While creating the logs for testing, the timeout was also in the 1 to 2 minute range. I don't remember exactly, but those were long delays as well. I should have confirmed this. I will use the syslog in order to enable timestamps for the next test. Sorry for that...

CONFIG_IP_MULTIPLE_TABLES doesn't have any added benefits for me, I do not require routing based on source ip or TOS. My setup is a simple server-client VPN whereby the client is a roadwarrior.

I will try setting charon.routing_table = 0 in my strongswan.conf file. And rerun the testcase and post my new observations.

Regarding your observations with respect to timeout, I have non-standard settings for these (see my strongswan.conf):


I have set 'base' to 1, which effectively disables the exponential behaviour in timeouts. I added this to aid testing and rule out any weird time-out related issue's.

Thank you

#5 Updated by Ronald Uit over 8 years ago


Here is the new data, I attached all relevant logs. Output log now has timestamps, I also annotated it whenever an 'event' occurred.

The output of 3-ping.log indicates a 48 second timeout. However, after bringing down the connection from the server (gateway), it took me 30 seconds to start this command. So it could have easily been > 48. Probably 70 or 80 seconds in total.
This does not matter, if I wait 3 minutes after bringing down the connection and then ping, the connection immediatly succeeds. It's not the fact that I 'bang the door each second', but the fact that the first x seconds are completely ignored. This observation validates this testcase.

As a sidenote, thanks for mentioning the charon.routing_table option. Saves a few nasty warnings on startup ;)

#6 Updated by Tobias Brunner over 8 years ago

May 09 14:41:20 [ronald] ### Reinitiating connection with ping (at remote roadwarrior host)
May 09 14:42:44 [charon] 08[KNL] received a XFRM_MSG_ACQUIRE_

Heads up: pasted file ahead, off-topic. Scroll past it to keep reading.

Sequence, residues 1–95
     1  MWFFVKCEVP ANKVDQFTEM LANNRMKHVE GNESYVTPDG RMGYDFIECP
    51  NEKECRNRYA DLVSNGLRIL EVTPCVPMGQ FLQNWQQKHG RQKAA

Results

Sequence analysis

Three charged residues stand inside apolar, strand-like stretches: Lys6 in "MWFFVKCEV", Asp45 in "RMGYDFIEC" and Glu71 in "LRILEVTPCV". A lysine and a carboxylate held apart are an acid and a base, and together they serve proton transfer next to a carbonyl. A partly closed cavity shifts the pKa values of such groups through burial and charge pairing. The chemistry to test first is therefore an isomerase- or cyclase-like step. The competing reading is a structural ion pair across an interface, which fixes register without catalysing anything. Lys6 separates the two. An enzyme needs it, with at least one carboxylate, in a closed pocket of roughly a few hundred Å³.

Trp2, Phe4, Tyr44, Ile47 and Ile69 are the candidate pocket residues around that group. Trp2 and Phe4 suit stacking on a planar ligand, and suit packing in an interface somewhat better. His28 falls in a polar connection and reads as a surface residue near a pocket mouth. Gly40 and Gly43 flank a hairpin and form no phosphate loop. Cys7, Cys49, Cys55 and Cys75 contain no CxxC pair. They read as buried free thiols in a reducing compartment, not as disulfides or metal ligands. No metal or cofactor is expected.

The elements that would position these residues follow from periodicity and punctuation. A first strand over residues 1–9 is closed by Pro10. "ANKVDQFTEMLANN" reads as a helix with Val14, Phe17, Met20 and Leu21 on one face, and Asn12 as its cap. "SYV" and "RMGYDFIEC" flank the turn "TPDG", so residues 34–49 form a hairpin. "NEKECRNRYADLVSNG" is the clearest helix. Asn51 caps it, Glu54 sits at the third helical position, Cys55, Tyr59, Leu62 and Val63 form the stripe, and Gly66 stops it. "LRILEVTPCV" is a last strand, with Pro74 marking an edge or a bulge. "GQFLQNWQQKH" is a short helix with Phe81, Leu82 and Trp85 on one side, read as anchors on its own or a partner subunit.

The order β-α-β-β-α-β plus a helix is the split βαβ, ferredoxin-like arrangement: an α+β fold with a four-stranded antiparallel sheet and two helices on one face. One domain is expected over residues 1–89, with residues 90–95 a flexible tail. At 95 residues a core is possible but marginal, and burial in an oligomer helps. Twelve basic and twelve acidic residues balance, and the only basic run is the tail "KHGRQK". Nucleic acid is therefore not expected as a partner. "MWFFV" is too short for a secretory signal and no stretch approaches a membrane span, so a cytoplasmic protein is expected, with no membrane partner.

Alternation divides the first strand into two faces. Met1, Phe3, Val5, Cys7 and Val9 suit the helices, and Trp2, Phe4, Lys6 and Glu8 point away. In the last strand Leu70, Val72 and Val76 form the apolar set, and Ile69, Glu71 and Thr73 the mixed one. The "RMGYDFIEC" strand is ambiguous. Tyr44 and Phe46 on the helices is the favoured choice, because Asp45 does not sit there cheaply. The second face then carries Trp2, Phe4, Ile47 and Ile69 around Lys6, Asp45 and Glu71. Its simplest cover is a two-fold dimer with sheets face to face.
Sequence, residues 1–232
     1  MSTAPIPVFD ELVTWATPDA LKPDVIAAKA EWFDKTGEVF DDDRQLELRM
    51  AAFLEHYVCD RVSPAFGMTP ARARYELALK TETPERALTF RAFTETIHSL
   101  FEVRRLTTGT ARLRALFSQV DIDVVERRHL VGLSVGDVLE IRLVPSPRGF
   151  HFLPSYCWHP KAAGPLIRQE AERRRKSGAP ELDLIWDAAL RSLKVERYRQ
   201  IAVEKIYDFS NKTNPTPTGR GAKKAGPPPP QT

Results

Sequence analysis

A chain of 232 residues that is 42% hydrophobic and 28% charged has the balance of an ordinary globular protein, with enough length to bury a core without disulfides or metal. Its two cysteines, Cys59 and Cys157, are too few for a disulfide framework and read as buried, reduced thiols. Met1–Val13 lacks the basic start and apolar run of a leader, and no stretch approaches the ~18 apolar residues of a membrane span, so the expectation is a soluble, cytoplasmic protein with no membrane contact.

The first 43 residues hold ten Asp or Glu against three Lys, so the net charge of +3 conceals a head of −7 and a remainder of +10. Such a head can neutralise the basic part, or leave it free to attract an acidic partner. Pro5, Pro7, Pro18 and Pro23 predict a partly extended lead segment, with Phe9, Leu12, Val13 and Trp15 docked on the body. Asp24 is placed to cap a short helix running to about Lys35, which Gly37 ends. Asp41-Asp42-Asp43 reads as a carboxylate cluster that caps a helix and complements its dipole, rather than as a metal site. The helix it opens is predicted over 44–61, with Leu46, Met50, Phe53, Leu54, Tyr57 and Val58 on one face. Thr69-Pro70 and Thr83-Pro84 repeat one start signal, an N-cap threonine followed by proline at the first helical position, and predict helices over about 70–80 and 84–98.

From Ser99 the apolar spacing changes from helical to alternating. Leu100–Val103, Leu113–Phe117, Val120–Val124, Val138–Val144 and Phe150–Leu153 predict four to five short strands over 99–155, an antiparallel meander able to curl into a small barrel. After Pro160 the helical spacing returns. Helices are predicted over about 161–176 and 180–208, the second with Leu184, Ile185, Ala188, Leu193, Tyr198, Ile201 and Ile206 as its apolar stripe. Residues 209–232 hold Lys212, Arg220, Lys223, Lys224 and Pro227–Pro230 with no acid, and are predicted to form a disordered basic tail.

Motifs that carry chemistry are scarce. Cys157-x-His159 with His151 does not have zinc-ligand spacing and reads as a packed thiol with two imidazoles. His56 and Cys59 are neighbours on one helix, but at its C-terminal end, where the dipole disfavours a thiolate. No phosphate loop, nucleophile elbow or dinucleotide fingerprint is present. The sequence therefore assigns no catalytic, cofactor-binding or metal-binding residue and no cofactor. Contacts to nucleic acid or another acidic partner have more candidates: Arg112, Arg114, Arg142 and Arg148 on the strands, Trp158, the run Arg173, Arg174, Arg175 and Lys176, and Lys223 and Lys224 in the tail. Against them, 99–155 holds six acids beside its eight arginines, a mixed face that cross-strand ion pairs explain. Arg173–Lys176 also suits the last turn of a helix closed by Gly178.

Yep, so there is a delay of ~80 seconds between starting to ping and the kernel finally sending the acquire.

Actually, have a look at this:

May 09 14:39:59 [charon] 08[KNL] received a XFRM_MSG_ACQUIRE
May 09 14:42:44 [charon] 08[KNL] received a XFRM_MSG_ACQUIRE_

The difference between these two acquires is exactly 165 seconds. Which is precisely the value we configure as lifetime for SAs acquired by the kernel (see source:src/libhydra/plugins/kernel_netlink/kernel_netlink_ipsec.c#L2691).
The default value is 30 seconds but since it is used as lifetime for SPIs allocated from the kernel we increase it in case setting up an SA takes longer than that.

The problem is that the same value (/proc/sys/net/core/xfrm_acq_expires - the name gives it away) is also used for SAs temporarily created when an acquire is sent to the daemon. This SA is very specific (addresses/protocol/ports) and could theoretically be used by the daemon (similar to the SA created when an SPI is allocated). But we currently don't really care for such a specific SA and create our own based on whatever is configured in ipsec.conf. Unfortunately, we also don't delete the temporary SA once we install our own.

So eventually, when you delete the regular SA and then ping again, the temporary SA is still there and the kernel has marked it with XFRM_STATE_ACQ, meaning an acquire has already been sent to the userland. Therefore, any packets matching this SA are ignored until it finally times out.

I'm not sure what the best way to fix this is. We can't really delete the original SA as we currently don't have the exact information of the acquire once we install our own SA (this might change in the future, though). And in most situations it does work fine (still 165 seconds is quite a long time, but then again it is the default retransmission timeout). So in your situation the easiest is probably to reduce the timeout a bit. In the future we might make this value configurable, or actually calculate it based on the configured retransmission settings.

#7 Updated by Ronald Uit over 8 years ago

Thank you for your explanation. I'll change xfrm_acq_expires and see if it doesn't have any nasty side effects...

Thank you for your time and patience!

#8 Updated by Martin Willi about 6 years ago

  • Tracker changed from Bug to Feature
  • Category changed from charon to libhydra
  • Status changed from Feedback to Closed
  • Target version set to 5.2.0
  • Resolution set to Fixed

In the future we might make this value configurable

Since 5.1.1 we have a strongswan.conf option for this purpose, see 255b9dac.